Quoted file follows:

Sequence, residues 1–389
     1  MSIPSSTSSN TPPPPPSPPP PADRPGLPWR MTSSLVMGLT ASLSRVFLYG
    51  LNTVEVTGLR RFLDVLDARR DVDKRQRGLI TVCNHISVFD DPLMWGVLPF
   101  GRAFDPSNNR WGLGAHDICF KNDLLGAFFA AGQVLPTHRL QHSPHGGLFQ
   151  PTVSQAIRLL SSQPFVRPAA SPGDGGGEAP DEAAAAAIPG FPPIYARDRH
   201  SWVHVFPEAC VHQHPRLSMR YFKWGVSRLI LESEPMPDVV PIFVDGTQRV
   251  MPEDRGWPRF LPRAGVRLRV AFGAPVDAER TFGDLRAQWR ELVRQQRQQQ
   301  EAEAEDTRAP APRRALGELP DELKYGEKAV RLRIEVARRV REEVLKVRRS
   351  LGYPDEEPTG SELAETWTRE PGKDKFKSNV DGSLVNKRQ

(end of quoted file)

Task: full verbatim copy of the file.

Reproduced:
Sequence, residues 1–389
     1  MSIPSSTSSN TPPPPPSPPP PADRPGLPWR MTSSLVMGLT ASLSRVFLYG
    51  LNTVEVTGLR RFLDVLDARR DVDKRQRGLI TVCNHISVFD DPLMWGVLPF
   101  GRAFDPSNNR WGLGAHDICF KNDLLGAFFA AGQVLPTHRL QHSPHGGLFQ
   151  PTVSQAIRLL SSQPFVRPAA SPGDGGGEAP DEAAAAAIPG FPPIYARDRH
   201  SWVHVFPEAC VHQHPRLSMR YFKWGVSRLI LESEPMPDVV PIFVDGTQRV
   251  MPEDRGWPRF LPRAGVRLRV AFGAPVDAER TFGDLRAQWR ELVRQQRQQQ
   301  EAEAEDTRAP APRRALGELP DELKYGEKAV RLRIEVARRV REEVLKVRRS
   351  LGYPDEEPTG SELAETWTRE PGKDKFKSNV DGSLVNKRQ